KHN Morning Briefing

Summaries of health policy coverage from major news organizations

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Viewpoints: Health Care Costs Are About More Than Economics; Did The Danger Of Painkillers Go Unnoticed By The FDA?

A selection of opinions on health care from around the country.

RealClear Health: Health Care Costs Aren't Just About Economics
Reimbursement incentives are crucial in health care. The bottom line is, well, the bottom line. But one reason we still have haven’t got a tight handle on health care costs is that they are too often treated only as an issue of economics, rather than medicine. The limits of this approach are clear. Health care costs in the United States have been rising much faster than inflation for a long time. When Medicare was created in 1965, for example, the United States was spending about 6 percent of GOP on health care. Today the number is about 18 percent, or $3.4 trillion in 2016. (Marschall S. Runge, 10/9)

St. Louis Post-Dispatch: GOP Is Failing Children Of All Ages On Health Care
In their abortive last-ditch effort to get rid of the Affordable Care Act (and gut Medicaid in the process) before the Sept. 30 end of the fiscal year, Senate Republicans didn’t get around to reauthorizing the Children’s Health Insurance Program. For 20 years, CHIP has enjoyed broad bipartisan support, and still might if GOP lawmakers can stop turning every health care issue into an argument about Obamacare. (10/9)

JAMA Forum: Building Blocks For Addressing Social Determinants Of Health
Our health care system is waking up to the fact that the health of individuals and families does not depend solely on good coverage and good medical care; it also requires us to address social and other factors that are major contributors to a person’s physical and mental well-being. That’s why more and more clinics are screening incoming patients for challenges in areas ranging from housing conditions, nutrition, access to transportation, and even their ability to afford utilities. It’s why the American Academy of Pediatrics urged its members not only to screen all patients for food insecurity but to refer parents to appropriate agencies. It is also why some hospitals, to reduce readmissions, have brought organizations like Health Leads into their discharge planning to connect patients with social services. (Stuart Butler, 10/5)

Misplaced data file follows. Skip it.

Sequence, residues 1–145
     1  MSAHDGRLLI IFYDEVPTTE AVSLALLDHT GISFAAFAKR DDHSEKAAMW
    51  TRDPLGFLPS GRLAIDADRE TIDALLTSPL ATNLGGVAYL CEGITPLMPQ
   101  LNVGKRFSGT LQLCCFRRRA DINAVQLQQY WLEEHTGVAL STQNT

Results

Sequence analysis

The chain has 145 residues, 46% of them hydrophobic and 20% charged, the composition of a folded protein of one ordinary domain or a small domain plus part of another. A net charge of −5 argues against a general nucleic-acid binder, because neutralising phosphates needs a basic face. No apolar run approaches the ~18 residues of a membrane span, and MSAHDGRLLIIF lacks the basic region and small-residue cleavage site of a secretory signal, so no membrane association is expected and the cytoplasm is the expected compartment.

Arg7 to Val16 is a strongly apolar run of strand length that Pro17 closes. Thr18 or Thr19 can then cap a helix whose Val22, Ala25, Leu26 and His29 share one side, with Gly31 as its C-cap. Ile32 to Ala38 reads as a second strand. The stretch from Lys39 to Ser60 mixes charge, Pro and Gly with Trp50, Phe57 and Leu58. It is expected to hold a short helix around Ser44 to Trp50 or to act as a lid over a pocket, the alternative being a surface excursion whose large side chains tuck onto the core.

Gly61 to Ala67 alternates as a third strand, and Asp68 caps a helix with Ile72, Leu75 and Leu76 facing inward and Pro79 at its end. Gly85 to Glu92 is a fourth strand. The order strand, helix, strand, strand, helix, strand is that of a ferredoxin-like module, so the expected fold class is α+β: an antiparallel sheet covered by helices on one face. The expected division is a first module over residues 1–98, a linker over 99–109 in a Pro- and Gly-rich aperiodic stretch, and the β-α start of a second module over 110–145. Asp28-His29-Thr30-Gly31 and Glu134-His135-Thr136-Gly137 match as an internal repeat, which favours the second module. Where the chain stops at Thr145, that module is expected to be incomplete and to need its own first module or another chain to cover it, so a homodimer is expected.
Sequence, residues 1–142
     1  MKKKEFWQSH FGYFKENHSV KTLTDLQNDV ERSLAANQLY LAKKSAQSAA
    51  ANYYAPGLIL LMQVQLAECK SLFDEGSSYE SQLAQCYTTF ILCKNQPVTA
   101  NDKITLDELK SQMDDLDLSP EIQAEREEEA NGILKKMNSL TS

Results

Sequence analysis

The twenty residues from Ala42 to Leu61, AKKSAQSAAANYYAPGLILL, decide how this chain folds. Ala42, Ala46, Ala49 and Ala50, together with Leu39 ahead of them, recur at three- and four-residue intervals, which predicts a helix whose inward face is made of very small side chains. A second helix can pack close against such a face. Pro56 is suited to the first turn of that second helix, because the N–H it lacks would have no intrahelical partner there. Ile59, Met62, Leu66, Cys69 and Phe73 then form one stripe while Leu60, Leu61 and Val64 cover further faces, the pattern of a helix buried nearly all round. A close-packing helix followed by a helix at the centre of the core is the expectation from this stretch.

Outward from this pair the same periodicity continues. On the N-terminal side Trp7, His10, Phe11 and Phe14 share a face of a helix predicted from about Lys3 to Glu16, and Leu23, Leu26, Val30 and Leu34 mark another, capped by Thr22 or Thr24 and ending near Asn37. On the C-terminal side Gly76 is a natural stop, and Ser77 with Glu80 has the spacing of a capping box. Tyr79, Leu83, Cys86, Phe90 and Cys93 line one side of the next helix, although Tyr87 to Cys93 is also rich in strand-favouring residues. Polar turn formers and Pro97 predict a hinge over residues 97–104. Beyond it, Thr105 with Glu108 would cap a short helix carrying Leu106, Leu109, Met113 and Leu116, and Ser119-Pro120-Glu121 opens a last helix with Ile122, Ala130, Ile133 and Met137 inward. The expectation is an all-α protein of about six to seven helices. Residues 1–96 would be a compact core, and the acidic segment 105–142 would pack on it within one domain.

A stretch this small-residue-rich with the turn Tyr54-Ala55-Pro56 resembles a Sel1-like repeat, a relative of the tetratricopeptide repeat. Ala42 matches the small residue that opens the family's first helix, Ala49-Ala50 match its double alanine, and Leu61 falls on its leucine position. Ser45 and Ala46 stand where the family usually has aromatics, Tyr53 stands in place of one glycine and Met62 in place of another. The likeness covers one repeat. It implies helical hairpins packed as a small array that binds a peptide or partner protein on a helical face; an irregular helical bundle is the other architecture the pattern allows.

The Wichita Eagle: The Interminable Race Against Depression
I know that there are many places and people out there, right now, who are trying their best to reach out and help those who are struggling with depression. And it seems simple enough to those on the outside. Reach out, get help and you can beat depression. But like I said, depression is relentless and doesn’t give up so easily. Just like with alcoholism and drug addiction. Depression keeps pounding at you, whispering in your ear, trying to bring you back in to its fold. So even those people who are fortunate enough to have all the resources in the world can still end up bowing down to its will. (Becky Galloway, 10/10)

The Kansas City Star: Kansas Isn’t ‘The Religious Police’ In Vaccine Case
A Kansas couple trying to keep their 2-year-old grandson from being vaccinated sees themselves as fighting “the religious police.” Which makes it sound like they’re comparing the State of Kansas to Saudi Arabia’s Committee for the Promotion of Virtue and the Prevention of Vice, who until not that long ago went around beating Islamic dress code violators with canes. (Melinda Henneberger, 10/9)

This is part of the KHN Morning Briefing, a summary of health policy coverage from major news organizations. Sign up for an email subscription.